SMALL TOWNS: Reedsville brothers share love for pumpkins

Two Reedsville boys have become quite the little businessmen each fall leading up to Halloween.
Published: Oct. 5, 2023 at 6:30 PM CDT|Updated: Oct. 5, 2023 at 6:37 PM CDT
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GREEN BAY, Wis. (WBAY) - Two Reedsville boys have become quite the little businessmen each fall leading up to Halloween. But their work begins long before that, and their dedication is second to none.

This week in Small Towns, we catch up with them in their pumpkin patch at harvest time.

Knee deep in pumpkins and vines, Sawyer and Wesley Gill conduct one final inspection.

“There’s a really big white one down there, and there’s some big orange carving pumpkins,” points out Sawyer.

“And these are the white, warty gourds,” adds Wesley.

At 8 and 10 years old, Sawyer and Wesley are already pumpkin and gourd experts.

They started helping their mom and dad haul them when Wesley was just out of diapers.

“When I was four, we had this little pedal tractor thing and a wagon that attached to it, and I’d haul Wesley around,” recalls Sawyer.

Four years ago, the boys discovered they could make a little money off their fall passion.

“When I was in first grade, I had this really nice teacher, Mr. Sodenberg, and we would sell some to him, he really liked them,” says Sawyer.

Last fall, Sawyer and Wesley convinced their parents to let them take over the pumpkin patch, who in turn figured it would be a good life lesson for their sons.

“Sticking with something you start and seeing it through, and things do require physical work and that’s ok,” says mom, Crystal Gill.

After a successful first harvest, the boys doubled the size of their patch this year.

Things got busy in May when it was time for Dad to till the soil, under the watchful eyes of Sawyer and Wesley.

“They tell you if you make a mistake,” says their dad, Mclaine Gill.

“When do you make a mistake?” I ask.

“All the time,” says Mclaine, laughing.

Around Memorial Day, the brothers grab the seeds they germinate in early spring.

“We make hills for the pumpkins, and we put four or five in each hill,” explains Sawyer.

And there’s one trick they practice when planting.

“And we put flowers in them, and that kept all the bugs away so that bugs wouldn’t come and eat the pumpkins,” says Sawyer.

Once the seeds are in the ground, the boys say they enjoy a little break before they really get busy.

“Once they come up you have to weed them, and you got to pretty much do a lot of work. You got to water them. You got to check them for bugs,” says Wesley.

Of all the pumpkin chores, there’s one that’s definitely the least favorite.

“Weeding, because it’s always so hot when we do it,” says Wesley.

“Yeah, there were some hot days out here pulling weeds and they weren’t happy about it, but they did it,” adds Mclaine.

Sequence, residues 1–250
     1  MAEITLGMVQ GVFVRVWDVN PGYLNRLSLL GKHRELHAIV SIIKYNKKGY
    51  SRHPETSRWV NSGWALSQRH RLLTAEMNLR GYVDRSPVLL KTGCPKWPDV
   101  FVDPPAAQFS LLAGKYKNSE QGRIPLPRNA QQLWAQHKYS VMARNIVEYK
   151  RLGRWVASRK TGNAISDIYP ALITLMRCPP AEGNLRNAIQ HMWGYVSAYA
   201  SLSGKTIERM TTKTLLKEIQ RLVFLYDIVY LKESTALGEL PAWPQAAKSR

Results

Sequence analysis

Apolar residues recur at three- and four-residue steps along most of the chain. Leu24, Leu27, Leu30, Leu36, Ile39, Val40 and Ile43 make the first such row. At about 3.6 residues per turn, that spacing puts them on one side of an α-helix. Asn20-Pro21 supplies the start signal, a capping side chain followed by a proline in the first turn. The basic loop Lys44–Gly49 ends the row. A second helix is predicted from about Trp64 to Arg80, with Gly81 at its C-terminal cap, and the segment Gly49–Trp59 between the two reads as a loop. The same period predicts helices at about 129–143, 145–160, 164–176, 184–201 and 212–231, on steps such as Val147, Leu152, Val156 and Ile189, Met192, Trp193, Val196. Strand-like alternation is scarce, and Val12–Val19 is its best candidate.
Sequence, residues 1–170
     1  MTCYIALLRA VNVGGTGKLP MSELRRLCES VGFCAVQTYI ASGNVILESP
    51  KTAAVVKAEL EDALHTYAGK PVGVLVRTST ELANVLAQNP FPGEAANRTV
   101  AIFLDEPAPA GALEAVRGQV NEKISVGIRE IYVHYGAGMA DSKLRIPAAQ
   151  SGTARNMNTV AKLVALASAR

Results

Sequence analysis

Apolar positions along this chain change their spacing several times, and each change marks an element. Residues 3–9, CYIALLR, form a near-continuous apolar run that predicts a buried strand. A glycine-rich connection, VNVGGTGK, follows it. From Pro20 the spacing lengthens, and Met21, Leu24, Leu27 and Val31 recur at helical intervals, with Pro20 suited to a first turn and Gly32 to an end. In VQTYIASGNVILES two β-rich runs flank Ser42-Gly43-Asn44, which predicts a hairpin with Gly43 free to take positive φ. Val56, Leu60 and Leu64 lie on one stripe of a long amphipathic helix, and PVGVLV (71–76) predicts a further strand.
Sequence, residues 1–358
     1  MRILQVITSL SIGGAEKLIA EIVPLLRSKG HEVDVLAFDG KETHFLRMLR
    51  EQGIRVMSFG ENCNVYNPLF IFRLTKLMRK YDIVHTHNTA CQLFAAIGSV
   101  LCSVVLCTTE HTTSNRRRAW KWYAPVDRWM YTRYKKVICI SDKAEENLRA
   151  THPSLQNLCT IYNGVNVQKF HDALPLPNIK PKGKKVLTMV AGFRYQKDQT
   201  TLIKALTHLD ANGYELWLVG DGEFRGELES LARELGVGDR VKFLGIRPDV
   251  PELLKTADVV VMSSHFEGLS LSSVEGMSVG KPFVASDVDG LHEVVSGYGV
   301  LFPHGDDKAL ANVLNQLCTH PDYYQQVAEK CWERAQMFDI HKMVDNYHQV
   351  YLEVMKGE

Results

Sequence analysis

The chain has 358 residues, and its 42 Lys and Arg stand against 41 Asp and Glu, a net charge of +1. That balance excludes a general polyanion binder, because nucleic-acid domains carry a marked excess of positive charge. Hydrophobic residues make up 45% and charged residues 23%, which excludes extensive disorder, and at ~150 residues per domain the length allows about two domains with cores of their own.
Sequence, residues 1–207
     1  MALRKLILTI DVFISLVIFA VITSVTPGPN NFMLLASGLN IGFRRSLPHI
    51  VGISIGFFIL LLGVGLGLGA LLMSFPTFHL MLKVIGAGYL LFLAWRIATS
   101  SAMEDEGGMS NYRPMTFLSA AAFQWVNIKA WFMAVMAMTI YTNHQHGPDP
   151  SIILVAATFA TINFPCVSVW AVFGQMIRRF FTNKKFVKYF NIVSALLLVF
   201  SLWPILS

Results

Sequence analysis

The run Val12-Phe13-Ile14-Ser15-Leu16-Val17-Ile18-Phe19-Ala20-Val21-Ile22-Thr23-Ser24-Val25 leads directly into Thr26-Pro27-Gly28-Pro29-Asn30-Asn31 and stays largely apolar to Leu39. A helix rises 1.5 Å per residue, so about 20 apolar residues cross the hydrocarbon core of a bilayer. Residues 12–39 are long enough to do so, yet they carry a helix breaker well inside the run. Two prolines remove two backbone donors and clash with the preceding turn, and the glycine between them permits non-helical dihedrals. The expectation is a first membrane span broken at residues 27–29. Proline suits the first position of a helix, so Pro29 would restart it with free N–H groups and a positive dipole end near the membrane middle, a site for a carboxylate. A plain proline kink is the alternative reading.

Early summer turned out to be so hot that the boys worried their pumpkin patch might be in trouble.

“I thought we were only going to have one wagon, not two wagons. There’s easily two wagons in here,” says Wesley proudly.

When September rolls around, Sawyer and Wesley say their pumpkins let them know when they’re ready to be picked.

“Some will turn orange, some will turn white, some will turn green, but the trick with the green ones is it’s hard because they’re green, but they turn green,” says Sawyer next to a green gourd.

The gourds give different clues when they’re ready.

“They have funky shapes, so once they get that funky shape, and some will have bumps, wrinkles in that, once they get bumps and wrinkles and the color and everything, then you can,” says Sawyer.

As for all the varieties in the boys’ expanded patch this year, Mom and Dad say it’s been hard to keep up.

“Oh gosh, I don’t even know. I know they’ve got probably six different types of pumpkins and probably 20 different types of gourds,” says Crystal.

Last year, in their first year selling pumpkins, the brothers hauled in $700. Half went into their savings and the other half became their own fun money.

“We’ll go to some fun places, Pizza Ranch is fun, oh yeah,” says Sawyer with a smile.

Looking over their pumpkins, just before harvest, the boys are still mulling over this year’s prices.

“That’s a nice one right there,” I point out.

Yeah, that’s one of the ones that you would carve,” says Sawyer.

“What do you think that would sell for?” I ask.

“I don’t know. I don’t know yet. We haven’t figured out the prices yet,” says Sawyer.

“You haven’t? What determines the price?” I question.

“Size, breed, color, that stuff,” responds Sawyer.

Once all the pumpkins and gourds are out of the patch, Sawyer and Wesley get their first pick. The rest are then hauled on wagons to two different locations.

“We’re going to sell some at Mertz’s Auto Shop on K, and then we’re going to sell some by our uncle,” explains Wesley.

And in just a few weeks, after five months of hard work, the boys know what that means.

“More fun money,” says Wesley with a smile.

With their pumpkin patch likely expanding a little more each year, Sawyer and Wesley will have even for fun money to enjoy, and to put in their savings for their futures as farmers.